Ten things we love about our beautiful Great Ocean Road coast

Those of us involved with GORCC – whether as employees, voluntary committee members, coastal volunteer groups or partners – all have one thing in common. We all love our beautiful Great Ocean Road coast. It’s our inspiration and passion.

Here are 10 things that put a smile on our faces and make us feel all warm and fuzzy inside.

  • The sun rising above the ocean on a perfectly still, crystal clear morning.Jan Juc
  • Six foot at Boobs – or any of our other favourite local surf breaks.
  • The walk along the cliff tops from Jan Juc to Bells Beach – simply stunning any time of the day all year round.
  • The swingbridge and boardwalk on the Erskine River – a picturesque greeting card as you drive into Lorne and an enjoyable place to while away some time during your stay.Swingbridge
  • Torquay Surf Beach on a summers day – despite the crowds!
  • Volunteers working alongside our outdoor works crew at 6am on New Years Day to help clean-up the Lorne foreshore after its busiest night of the year.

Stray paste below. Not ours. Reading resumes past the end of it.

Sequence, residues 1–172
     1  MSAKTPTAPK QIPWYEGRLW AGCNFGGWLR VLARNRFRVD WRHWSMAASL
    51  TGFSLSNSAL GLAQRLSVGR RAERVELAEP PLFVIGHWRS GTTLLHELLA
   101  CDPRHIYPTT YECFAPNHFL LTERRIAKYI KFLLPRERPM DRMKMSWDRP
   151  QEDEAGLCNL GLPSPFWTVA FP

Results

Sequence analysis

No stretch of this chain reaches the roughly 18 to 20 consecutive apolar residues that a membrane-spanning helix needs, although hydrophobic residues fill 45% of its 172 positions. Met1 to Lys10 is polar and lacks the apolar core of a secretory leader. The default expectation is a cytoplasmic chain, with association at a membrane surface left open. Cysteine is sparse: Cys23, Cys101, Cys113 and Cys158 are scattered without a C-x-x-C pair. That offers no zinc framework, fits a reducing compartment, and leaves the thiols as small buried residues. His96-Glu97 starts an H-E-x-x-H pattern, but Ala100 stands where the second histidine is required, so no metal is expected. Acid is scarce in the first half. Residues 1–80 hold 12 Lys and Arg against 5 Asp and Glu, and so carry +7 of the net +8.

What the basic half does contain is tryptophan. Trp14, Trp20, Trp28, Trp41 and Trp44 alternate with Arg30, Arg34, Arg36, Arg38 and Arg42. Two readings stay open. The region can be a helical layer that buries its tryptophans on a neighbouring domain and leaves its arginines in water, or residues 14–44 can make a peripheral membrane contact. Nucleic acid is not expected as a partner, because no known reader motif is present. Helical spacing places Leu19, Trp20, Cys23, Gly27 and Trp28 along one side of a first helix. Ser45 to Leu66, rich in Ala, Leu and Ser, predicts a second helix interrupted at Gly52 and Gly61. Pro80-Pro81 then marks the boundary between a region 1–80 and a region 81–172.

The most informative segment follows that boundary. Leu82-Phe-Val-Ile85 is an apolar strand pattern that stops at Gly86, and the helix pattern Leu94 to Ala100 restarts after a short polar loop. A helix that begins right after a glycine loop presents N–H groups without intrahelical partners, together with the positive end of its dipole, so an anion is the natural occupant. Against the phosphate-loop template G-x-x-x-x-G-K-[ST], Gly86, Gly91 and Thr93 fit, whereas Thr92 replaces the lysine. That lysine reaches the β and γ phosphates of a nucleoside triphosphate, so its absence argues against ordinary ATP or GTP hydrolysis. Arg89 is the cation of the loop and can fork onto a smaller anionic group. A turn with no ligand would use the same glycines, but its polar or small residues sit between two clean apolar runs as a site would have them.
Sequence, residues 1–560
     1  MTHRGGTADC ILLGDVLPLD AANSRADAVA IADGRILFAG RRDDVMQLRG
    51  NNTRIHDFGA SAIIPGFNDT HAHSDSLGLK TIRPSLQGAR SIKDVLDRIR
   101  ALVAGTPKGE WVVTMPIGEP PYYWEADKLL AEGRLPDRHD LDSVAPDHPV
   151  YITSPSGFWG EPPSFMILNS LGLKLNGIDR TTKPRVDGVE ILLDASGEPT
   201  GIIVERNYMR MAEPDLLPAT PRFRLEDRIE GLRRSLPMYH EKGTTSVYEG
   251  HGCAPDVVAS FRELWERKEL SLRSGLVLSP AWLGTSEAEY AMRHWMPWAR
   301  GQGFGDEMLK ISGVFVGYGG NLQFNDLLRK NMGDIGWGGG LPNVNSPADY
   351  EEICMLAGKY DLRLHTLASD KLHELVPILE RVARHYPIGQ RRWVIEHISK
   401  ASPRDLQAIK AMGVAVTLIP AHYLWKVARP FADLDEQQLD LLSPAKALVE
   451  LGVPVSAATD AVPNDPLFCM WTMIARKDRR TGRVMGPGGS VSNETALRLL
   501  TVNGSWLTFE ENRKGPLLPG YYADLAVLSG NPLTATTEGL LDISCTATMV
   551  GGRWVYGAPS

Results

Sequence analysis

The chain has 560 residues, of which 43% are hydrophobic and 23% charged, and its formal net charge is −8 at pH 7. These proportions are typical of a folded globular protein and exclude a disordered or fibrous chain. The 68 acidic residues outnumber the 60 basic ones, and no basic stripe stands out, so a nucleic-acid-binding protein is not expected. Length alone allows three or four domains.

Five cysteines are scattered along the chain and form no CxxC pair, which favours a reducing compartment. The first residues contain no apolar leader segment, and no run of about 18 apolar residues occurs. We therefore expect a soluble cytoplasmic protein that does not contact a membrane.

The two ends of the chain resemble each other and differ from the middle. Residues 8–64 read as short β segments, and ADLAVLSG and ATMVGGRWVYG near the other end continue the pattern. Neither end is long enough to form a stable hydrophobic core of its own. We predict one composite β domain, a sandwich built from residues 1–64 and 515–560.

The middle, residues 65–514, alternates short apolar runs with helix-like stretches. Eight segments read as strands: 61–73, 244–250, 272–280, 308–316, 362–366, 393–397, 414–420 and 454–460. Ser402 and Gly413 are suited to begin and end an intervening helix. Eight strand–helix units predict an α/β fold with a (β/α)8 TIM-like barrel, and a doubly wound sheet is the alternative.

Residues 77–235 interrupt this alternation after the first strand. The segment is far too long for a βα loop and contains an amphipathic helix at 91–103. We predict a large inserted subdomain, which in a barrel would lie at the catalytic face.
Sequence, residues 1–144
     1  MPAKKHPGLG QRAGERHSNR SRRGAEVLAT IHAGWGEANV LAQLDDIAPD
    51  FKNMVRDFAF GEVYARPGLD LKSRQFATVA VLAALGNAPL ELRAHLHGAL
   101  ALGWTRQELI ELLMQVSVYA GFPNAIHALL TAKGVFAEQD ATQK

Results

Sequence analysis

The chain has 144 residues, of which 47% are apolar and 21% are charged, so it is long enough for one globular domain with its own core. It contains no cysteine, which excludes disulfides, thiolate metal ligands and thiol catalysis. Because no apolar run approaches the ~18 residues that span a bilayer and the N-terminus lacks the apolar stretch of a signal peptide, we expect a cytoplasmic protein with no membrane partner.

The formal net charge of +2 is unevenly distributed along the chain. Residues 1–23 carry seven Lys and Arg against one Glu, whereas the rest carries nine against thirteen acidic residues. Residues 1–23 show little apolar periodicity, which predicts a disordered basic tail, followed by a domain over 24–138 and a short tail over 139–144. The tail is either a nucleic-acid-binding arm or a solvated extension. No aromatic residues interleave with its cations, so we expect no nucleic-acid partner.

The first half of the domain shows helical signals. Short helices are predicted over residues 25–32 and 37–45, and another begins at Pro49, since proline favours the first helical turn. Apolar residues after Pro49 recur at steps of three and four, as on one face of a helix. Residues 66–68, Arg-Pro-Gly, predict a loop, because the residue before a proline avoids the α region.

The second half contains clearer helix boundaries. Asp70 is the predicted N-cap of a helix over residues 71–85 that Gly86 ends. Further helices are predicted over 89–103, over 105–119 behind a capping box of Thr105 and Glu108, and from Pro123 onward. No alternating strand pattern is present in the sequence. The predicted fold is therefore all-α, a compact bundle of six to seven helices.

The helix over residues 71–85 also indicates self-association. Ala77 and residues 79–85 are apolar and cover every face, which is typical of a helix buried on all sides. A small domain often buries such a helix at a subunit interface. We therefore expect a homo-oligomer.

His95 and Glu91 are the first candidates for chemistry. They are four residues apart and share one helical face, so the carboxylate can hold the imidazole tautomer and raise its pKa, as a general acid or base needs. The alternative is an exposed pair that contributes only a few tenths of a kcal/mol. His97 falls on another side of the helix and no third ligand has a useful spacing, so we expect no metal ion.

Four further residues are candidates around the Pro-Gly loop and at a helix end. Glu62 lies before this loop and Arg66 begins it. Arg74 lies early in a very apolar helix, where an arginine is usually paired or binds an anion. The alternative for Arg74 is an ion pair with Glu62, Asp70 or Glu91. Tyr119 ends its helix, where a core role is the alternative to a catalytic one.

• More than 2,000 people gathering in the dark at Torquay’s Point Danger for the ANZAC Day dawn service.
  • The magnificent views over the Eagle Rock Marine Sanctuary from the Split Point Lighthouse in Aireys Inlet.Eagle Rock
  • An opportunity to rug up and walk along the beach in winter with a storm brewing over the Otways – ideal vantage points include Fairhaven, Moggs Creek, Easternview and Lorne.
  • The feeling of relaxation that comes over you as you dig your toes in the sand.

These are just a few of our favourite things. We could go on ad infinitum but we’re more interested in finding out what it is about our coast that you love. You can add to our list by posting a comment to share your favourite things about the coast.

Posted by David Clarke, CEO.